The Countries of Origin for Popular Beers

The history of beer in Malaysia takes us back to 1968, where Guinness and Malayan Breweries merged to become Guinness Anchor Berhad. In 1970, Carlsberg started their brewery in Kuala Lumpur. Since then, many local breweries have sprouted in the country, leading to a wide variety of beers available for locals to enjoy. Of course, these brands originated elsewhere, so let’s take a look at where our favourite pints came from.


 

1)  Carlsberg – Denmark

Carlsberg’s roots are planted firmly in Denmark, where the brand was founded in 1847. J.C. Jacobsen created the brand, and named after his son – Carl. Brewing was in their blood, Jacobsen’s father was one until he passed away, leaving his son to take over the task. He wasn’t content with merely brewing though, and sought to improve the quality of beer.

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2) Guinness – Ireland

Arthur Guinness is a memorable name, as it’s evoked annually in celebration of the man who created this most famous stout. Quite amazing for a man who started brewing ales in 1759. This is an Irish brand with humble beginnings in Dublin, to be precise. Also, Guinness is brewed in 50 countries today.

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3) Tiger – Singapore

Tiger is Singapore’s pride, as the first local brewed beer. It all started in 1932, and today it’s brewed in 11 countries and enjoyed in over 75 countries all over the world. Brewing is meticulous, taking over 500 hours and using the finest ingredients from Australia and Europe.

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4) Budweiser – United States of America 

Budweiser is as American as it gets, hailing from St. Louis, Missouri. German native Adolphus Busch created Budweiser following a move to Missouri, and a career at a local brewery. He was quite innovative, even going as far as to pasteurize beer. The heat of St. Louis also inspired a different beer, and Budweiser’s crisp taste is a result of this.

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5) Heineken – Netherlands

Netherlands is the birthplace of Heineken, and their story began in 1864. It’s not just any beer of course. Besides being instantly recognizable as a supporting “character” in many films and TV shows, Heineken is also the number one brewer in Europe. Though its original brewery in Amsterdam is now closed, it can be viewed as part of the Heineken Museum experience.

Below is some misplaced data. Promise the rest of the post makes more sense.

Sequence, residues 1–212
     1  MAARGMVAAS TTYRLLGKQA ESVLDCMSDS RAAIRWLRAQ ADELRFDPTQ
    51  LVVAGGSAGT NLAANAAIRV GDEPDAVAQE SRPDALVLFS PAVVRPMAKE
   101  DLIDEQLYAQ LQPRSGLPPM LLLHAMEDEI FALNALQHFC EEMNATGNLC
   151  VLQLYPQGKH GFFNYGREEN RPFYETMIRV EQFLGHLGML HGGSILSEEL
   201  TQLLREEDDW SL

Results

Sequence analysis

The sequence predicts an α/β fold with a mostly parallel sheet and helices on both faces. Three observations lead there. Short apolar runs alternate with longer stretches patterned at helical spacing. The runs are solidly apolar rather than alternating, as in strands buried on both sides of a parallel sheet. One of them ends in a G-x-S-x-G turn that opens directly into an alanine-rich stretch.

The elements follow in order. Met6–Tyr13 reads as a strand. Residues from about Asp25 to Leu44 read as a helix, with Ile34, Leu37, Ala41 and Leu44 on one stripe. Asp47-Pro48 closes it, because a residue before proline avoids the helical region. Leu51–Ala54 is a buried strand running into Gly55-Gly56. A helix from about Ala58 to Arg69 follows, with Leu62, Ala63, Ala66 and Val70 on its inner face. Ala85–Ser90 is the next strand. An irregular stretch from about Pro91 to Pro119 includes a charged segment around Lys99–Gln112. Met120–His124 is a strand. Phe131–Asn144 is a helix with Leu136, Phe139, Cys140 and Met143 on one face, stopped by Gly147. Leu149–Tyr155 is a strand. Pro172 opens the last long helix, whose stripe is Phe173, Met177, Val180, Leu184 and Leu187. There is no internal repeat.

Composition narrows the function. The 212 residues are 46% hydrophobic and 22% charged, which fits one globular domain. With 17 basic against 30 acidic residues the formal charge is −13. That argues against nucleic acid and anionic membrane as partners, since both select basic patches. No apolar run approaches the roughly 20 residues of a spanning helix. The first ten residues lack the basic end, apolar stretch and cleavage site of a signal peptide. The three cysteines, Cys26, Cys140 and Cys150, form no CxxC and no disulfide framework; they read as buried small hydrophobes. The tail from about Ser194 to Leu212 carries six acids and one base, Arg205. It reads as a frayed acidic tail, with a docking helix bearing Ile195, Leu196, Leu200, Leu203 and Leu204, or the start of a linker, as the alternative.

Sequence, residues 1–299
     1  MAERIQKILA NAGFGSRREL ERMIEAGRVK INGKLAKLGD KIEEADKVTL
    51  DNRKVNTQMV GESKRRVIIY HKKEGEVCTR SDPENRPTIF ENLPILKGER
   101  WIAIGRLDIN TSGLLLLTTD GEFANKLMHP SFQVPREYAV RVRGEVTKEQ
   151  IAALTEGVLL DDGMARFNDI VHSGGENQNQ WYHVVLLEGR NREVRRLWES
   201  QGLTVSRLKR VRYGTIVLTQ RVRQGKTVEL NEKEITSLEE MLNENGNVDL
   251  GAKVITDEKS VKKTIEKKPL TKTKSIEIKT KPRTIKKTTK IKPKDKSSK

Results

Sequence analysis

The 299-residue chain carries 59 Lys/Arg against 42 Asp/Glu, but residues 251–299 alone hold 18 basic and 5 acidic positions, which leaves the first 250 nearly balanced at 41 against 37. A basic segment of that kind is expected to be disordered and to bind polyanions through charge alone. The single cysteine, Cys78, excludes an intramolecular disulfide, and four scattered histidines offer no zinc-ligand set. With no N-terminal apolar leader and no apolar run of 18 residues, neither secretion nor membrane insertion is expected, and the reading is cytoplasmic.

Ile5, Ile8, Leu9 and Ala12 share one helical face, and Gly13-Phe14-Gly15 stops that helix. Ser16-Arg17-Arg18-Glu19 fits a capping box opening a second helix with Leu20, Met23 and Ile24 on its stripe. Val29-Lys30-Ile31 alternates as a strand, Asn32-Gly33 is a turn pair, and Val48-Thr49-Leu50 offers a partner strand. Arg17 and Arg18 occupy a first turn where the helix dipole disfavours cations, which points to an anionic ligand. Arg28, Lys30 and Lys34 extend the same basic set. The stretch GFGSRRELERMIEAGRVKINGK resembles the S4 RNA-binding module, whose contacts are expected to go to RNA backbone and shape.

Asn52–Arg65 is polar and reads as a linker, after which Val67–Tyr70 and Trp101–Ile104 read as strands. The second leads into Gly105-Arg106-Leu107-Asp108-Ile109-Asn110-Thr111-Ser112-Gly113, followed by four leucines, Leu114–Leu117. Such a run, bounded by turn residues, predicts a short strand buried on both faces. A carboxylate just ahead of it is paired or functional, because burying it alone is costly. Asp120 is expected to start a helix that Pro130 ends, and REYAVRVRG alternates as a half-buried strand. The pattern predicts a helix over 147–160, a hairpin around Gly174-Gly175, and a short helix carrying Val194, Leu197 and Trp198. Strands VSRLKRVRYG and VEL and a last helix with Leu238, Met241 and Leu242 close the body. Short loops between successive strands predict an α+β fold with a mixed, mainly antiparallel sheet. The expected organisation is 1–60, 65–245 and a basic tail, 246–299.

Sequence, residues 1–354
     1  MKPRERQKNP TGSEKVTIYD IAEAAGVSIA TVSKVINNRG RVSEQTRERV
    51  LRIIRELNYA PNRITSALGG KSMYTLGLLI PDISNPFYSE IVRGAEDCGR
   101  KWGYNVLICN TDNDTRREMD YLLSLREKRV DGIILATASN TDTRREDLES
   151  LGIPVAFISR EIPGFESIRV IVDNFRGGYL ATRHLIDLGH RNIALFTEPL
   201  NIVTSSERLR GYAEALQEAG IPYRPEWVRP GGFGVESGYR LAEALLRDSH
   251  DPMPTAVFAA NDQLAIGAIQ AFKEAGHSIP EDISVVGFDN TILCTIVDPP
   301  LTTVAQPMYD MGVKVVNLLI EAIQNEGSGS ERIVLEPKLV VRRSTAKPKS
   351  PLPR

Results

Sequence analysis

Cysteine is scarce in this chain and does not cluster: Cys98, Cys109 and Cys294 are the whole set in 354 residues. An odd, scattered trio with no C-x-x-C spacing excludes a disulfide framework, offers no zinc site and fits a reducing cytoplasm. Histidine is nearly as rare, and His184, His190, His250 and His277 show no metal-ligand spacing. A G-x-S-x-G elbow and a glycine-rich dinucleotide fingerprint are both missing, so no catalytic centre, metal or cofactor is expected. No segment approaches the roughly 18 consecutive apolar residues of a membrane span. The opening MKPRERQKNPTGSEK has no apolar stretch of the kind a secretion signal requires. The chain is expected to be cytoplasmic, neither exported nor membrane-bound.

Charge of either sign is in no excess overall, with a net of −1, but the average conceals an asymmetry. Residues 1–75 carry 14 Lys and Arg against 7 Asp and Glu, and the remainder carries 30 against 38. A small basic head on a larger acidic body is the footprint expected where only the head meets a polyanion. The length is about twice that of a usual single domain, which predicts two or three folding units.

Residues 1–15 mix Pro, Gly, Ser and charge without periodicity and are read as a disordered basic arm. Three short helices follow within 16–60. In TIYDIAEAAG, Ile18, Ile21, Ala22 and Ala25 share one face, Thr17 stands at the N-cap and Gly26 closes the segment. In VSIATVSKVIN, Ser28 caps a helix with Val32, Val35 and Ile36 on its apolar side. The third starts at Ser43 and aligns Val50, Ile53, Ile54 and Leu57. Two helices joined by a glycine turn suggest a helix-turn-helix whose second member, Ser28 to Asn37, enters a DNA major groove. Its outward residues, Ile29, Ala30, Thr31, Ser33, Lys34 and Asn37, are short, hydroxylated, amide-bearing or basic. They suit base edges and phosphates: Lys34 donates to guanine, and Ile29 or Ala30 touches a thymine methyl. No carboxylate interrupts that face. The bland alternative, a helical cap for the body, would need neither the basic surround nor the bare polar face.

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6) Corona Extra – Mexico

This is known as a pale lager, and it comes from Mexico. It is quite a familiar brand, and is one of the top-selling beers worldwide as well.  It was introduced in 1925, and today is even used to sponsor sporting events, adding to its presence on a global scale. A common sight on beaches and in the hands of anyone looking for some downtime, this beer is the quintessential companion for anyone seeking respite.

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7) Hoegaarden – Belgium

The name Hoegaarden actually refers to a place in Belgium, where this brewery originated. Hoegaarden’s story began in 1445. Today, they have several different types of beer, including Rosee and Citron, to add to their already impressive roster. It is a beer with a sweet and sour taste, and a slight bitterness.

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8) Asahi – Japan

We’re really going around the world here for our beers, and this time it’s to gorgeous Tokyo. They started off as the Osaka Beer Company, founded in 1899. Fun fact, “Asahi” means rising sun, and is meant to symbolize national pride, since Japan is known as “The Land of the Rising Sun”.

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9) Kilkenny – Ireland

This beer is a cream ale, which hails from the city of Kilkenny itself – in Ireland. Though not much is stated on its origins, it is said that it dates back to the 14th century. Nowadays, it’s brewed elsewhere in Dublin and seems to be quite popular in Australia and New Zealand. It’s also a favourite among Canadians, particularly after Canadian celebrities were seen drinking the beverage.

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10) Paulaner – Germany

Paulaner Brewery’s origins take us to Munich, Germany, circa 1634. In those days, friars in a monastery brewed the beer. Today, Paulaner exports beer to more than 70 countries, but still operates in a very traditional way, keeping Munich’s traditions alive. In fact, Paulaner beer is very recognizable as it’s one of the beers featured in Germany’s Oktoberfest.

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